In line with the positivist epistemology of generating knowledge, this study utilized the correlational research design where through the quantitative approach 2,649 students constituting about 12% of the target population of 22,783 undergraduate students from six faculties on Winneba campuses of the University of Education, Winneba, Ghana. This proportion of students who were selected and participated in the study resonates with Braun and Clarke (2013) suggestion that the sample size in quantitative studies not be less that 5% of the target population. The proportionate stratified random sampling technique was employed in getting the sample where the proportion of students in the six faculties to the target population, departments of the faculties to the target population, male and female students in the faculties to the target population were all equally represented in the sample population. The main instrument for data collection was a structured questionnaire whose face validation was ensured when the questionnaire was given to some colleague lecturers to peruse with respect to typographical and grammatical mistakes. The content validation of the questionnaire was checked where a Professor in Food and Nutrition studies scrutinized the instrument to ensure it measures the various constructs and variables outlined in the study. For reliability, the internal consistency of the various constructs in the instrument was checked by Cronbach alpha where a coefficient of greater than 0.70 is deemed acceptable (Polit & Beck, 2010). In this study, the Cronbach alpha coefficients were 0.84, 0.87, 0.79 and 0.89 were obtained for cooking frequency, cooking confidence, cooking attitude and eating habits which are all above the 0.70 threshold and an indication that the questionnaire was reliable.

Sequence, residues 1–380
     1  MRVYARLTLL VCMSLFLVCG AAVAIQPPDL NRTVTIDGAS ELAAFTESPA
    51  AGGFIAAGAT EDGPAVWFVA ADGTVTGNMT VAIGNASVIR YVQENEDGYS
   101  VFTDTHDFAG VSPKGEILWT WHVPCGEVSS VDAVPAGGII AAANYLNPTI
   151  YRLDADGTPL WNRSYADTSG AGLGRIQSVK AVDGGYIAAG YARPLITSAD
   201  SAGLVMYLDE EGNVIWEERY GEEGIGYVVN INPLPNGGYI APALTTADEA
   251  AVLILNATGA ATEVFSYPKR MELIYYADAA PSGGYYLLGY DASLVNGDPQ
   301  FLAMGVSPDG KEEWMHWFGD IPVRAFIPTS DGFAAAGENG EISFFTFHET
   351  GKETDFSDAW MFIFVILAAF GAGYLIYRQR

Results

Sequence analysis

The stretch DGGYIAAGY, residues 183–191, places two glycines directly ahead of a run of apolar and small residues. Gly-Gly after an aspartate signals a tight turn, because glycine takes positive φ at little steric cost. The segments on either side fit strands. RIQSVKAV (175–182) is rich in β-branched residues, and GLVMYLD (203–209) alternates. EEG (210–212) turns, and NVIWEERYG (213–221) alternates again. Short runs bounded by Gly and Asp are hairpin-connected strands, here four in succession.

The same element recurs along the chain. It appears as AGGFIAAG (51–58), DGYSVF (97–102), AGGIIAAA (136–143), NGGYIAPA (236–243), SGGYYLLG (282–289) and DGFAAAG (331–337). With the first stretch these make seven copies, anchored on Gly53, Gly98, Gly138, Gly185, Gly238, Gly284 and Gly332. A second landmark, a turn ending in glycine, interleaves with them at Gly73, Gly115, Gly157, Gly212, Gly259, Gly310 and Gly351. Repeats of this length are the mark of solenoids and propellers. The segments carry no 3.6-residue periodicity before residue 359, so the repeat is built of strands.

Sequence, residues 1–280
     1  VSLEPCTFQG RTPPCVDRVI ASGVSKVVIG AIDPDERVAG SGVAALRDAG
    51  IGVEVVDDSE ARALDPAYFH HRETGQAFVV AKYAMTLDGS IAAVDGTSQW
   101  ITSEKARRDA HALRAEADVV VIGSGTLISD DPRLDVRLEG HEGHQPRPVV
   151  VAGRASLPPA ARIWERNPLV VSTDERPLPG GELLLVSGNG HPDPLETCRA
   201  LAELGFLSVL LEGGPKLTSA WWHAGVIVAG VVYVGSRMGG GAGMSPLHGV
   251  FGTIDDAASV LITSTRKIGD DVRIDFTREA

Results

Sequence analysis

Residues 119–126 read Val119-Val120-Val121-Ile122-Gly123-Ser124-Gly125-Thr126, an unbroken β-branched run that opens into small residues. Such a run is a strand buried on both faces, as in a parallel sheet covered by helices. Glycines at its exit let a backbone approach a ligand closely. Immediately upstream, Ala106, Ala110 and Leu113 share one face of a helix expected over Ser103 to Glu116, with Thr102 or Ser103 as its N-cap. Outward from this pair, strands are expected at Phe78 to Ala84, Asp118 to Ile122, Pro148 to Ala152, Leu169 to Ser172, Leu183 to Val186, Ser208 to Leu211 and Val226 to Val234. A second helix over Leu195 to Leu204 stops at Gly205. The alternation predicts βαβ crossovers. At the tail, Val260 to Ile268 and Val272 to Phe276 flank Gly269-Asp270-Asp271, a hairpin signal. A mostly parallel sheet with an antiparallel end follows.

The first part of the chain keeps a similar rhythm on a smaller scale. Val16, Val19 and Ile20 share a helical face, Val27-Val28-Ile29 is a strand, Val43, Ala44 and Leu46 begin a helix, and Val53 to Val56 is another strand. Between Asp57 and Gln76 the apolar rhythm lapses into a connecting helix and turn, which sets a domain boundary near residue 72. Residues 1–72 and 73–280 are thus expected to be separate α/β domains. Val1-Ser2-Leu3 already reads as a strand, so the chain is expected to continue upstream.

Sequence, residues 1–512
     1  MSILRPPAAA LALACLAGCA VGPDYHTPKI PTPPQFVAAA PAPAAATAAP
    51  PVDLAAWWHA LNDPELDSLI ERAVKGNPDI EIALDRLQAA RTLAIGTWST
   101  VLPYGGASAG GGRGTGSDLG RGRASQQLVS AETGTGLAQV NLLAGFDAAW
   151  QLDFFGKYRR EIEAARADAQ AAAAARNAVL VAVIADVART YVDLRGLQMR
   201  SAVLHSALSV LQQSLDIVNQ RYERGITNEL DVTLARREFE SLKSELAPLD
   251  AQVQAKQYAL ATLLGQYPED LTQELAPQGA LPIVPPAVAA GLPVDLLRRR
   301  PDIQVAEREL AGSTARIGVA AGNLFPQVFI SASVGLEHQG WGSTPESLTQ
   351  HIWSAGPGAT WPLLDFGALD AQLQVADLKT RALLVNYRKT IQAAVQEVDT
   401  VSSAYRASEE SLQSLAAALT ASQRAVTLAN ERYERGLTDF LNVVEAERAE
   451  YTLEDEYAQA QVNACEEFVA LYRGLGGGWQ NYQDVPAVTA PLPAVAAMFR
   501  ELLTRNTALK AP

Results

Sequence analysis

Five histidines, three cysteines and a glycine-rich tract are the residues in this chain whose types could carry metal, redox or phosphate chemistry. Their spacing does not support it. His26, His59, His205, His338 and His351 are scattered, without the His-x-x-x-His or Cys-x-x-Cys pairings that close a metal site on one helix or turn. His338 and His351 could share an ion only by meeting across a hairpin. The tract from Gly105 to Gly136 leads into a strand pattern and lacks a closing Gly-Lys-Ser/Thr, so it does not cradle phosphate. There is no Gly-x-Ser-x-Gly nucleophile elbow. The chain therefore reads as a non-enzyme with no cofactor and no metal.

After meeting validity and reliability requirements, a structured questionnaire was used to collect data for the study which was analyzed using descriptive statistics such as frequency count, percentages, mean, standard deviation and inferential (Pearson Moment Correlation) statistics all with the aid of version 22 of the Statistical Product for Service Solution. The findings of the study revealed that even though the culinary practices of full-time undergraduate students of University of Education, Winneba had approached the expected standard, they exhibited cooking confidence than cooking frequency and cooking attitude. Besides, the findings further disclosed that students exhibited undesired eating habits where majority skipped meals, occasionally eat fruits and occasionally eat balanced diets. Furthermore, it was discovered that generally there was a weak but statistically significant positive relationship between undergraduate students’ culinary practices and eating habits. Hence, the study identifies the need by way of recommendations for nutrition education programmes for students to improve their culinary practices since it has implications on their eating habits.Author(s): Janet Agyarkwaa Oti